10. Roll them up sideways into a long snake shape.
  11. Take your pancake-snakes and roll them into a coil (like a snail’s shell.)
  12. Rest your coiled dough under a wet cloth for 10-15 minutes.
  13. While you wait, whisk together the dipping sauce ingredients in a small bowl. (No rest for you this time!)
  14. After 15 minutes, roll your dough into thin circles (well done, you’ve just created the crispy layers!)
  15. Fry in an oiled pan for two-three minutes on each side.
  16. Chop into triangles and serve with the delectable dipping sauce.

You won’t regret giving this sublime Chinese vegan recipe a go this Lunar New Year.

Remember to save some in the freezer for a Chinese vegan snack later on!

Vegan Summer Rolls with Peanut Sauce

Vegan Summer Rolls

Why not bring some sunshine into your life with this easy Vegan Summer Roll recipe by Lazy Cat Kitchen?

Summer Rolls are a rice-paper wrapped roll filled with fresh fruits and veggies, usually enjoyed with a zingy dipping sauce.

They are bright, full of texture and packed with raw and juicy fruit and veg.

The Lunar New Year is a major cause for celebration in Vietnam, and this recipe takes a fun, fruity and fresh twist on this much loved plant-based Vietnamese snack.

These nutritious Vietnamese rice paper rolls are also super easy and fun to make.

With no cooking required, these are a great option if you want to get your kids excited about eating fruits and veggies.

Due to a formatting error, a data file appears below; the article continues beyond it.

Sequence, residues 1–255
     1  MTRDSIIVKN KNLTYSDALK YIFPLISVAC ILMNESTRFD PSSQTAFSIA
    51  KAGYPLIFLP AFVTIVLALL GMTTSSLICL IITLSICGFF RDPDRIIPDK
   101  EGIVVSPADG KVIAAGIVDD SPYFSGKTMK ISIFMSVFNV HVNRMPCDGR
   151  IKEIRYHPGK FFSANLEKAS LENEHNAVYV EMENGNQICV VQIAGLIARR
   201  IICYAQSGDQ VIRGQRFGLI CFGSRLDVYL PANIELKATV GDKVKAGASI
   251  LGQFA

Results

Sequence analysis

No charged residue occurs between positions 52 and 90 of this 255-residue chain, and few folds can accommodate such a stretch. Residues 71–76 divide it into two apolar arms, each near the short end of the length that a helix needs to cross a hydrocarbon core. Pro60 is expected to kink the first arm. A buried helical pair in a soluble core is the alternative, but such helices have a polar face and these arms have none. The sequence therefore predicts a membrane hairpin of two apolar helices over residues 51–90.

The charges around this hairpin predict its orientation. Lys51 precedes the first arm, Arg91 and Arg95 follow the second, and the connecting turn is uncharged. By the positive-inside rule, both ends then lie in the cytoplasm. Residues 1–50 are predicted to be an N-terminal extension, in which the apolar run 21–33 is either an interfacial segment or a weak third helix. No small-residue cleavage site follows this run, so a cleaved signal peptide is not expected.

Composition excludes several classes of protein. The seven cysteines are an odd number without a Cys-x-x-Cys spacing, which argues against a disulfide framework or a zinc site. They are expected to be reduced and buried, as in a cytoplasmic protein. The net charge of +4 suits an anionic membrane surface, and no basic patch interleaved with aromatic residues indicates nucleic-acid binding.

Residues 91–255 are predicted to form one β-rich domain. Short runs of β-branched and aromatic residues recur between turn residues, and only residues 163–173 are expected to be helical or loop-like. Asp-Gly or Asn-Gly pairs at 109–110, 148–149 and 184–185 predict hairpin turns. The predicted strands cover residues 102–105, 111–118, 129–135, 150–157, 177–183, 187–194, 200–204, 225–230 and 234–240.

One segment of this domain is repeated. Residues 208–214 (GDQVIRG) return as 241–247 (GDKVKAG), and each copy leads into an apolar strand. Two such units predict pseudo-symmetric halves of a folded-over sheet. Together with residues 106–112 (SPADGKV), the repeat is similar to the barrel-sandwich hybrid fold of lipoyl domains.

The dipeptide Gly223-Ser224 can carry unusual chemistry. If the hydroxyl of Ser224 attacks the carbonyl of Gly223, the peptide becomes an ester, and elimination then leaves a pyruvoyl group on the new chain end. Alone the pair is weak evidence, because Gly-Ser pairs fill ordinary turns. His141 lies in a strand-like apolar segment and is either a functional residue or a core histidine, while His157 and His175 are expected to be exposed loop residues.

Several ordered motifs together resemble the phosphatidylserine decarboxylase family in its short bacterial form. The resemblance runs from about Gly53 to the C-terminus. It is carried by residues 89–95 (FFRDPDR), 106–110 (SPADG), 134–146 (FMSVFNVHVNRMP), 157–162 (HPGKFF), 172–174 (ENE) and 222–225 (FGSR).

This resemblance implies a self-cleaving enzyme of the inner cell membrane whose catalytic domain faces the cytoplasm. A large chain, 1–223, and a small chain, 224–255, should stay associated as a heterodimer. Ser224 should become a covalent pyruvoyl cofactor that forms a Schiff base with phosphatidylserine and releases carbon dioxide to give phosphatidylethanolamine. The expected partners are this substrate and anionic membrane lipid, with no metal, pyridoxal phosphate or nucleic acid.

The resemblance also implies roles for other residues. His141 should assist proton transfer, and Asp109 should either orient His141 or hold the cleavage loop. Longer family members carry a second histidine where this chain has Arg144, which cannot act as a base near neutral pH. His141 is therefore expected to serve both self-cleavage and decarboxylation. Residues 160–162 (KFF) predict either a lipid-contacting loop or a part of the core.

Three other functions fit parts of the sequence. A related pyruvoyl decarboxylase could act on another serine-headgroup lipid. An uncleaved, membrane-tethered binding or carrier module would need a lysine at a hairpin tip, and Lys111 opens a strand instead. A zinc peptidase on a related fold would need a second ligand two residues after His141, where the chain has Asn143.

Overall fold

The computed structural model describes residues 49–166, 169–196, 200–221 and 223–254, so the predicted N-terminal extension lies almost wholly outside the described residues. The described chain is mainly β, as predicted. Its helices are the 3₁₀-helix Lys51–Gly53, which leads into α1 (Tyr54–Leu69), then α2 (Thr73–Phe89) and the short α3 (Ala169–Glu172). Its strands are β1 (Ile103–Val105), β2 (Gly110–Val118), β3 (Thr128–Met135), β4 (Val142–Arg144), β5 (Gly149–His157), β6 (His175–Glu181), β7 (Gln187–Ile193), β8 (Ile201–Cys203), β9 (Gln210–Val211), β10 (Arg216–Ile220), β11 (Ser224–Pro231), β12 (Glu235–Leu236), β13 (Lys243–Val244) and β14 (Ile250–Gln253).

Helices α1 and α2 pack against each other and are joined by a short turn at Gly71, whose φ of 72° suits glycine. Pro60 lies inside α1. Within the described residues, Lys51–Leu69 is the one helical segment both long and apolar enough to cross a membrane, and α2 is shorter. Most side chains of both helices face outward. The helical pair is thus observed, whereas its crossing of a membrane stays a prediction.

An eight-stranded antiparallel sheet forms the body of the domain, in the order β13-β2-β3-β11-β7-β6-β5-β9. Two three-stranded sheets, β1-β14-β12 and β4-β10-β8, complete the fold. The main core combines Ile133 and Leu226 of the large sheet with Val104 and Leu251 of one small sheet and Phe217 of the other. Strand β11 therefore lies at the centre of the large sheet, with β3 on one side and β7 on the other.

They’re also totally gluten-free (no soy sauce!), in case you’re looking out for that too!

This fresh and healthy recipe serves four.


For the Summer Rolls:

  • 20 Rice Paper Wrappers
  • 3 Fresh Peaches
  • 1 Red Pepper
  • 1 Small Cucumber 
  • 1 Small Carrot
  • ¼ Small Red Cabbage 
  • 100g Vermicelli Rice Noodles
  • 5 Cos Lettuce Leaves
  • A Handful of Fresh Mint

For the Peanut Sauce:

  • 2 Heaped tbsp Peanut Butter
  • Juice of 1 Lime
  • 90 ml Water
  • 1 tbsp Soy Sauce (or Tamari for gluten-free!)
  • 1 Garlic Clove
  • 2 tsp Grated Ginger 
  • 1 tbsp Hoisin Sauce


  1. Cut the peach into even slices and set aside.
  2. Julienne the pepper, cucumber, carrots and red cabbage and set aside.
  3. Boil some water and soak the vermicelli noodles in a bowl until soft (about five minutes) and then drain.
  4. Whisk together the sauce ingredients and set aside.
  5. Brush a wooden chopping board with boiling water and place the rice wrapper on top, further brushing the rice paper with water until it is hydrated.
  6. Fill the rice paper wrapper with a few julienned vegetables, followed by some rice noodles, a lettuce leaf, a slice of peach and some mint.
  7. Roll the sides in and then roll it up (like a tortilla wrap), keep it tight so that the rice paper sticks to itself.
  8. Repeat until you have used up all of your fillings.
  9. Serve with your hearty peanut sauce!

You’ll get going with your own technique as soon as you’ve done your first couple of rolls and you’ll quickly be able to claim yourself to be a pro at making this awesome vegetarian and vegan snack.

You can avoid cooking altogether and try your hand at these fresh and fruity and low-carb Vegan Summer Rolls this Lunar New Year!

Buddha’s Delight

chinese new year vegan dishes

Source: Lin’s Food

Sick of Instagram’s endless ‘Buddha Bowls?’

Why not enjoy this hearty and authentic Buddha’s Delight?

This dish is popular in Chinese cuisine and originated as a recipe consumed by Buddhist monks (who are vegetarians), but this dish happens to fall into the category of vegan Chinese food too.

This Chinese vegan dish has a lot of ingredients, but don’t be intimidated – cooking this plant-based meal is super easy.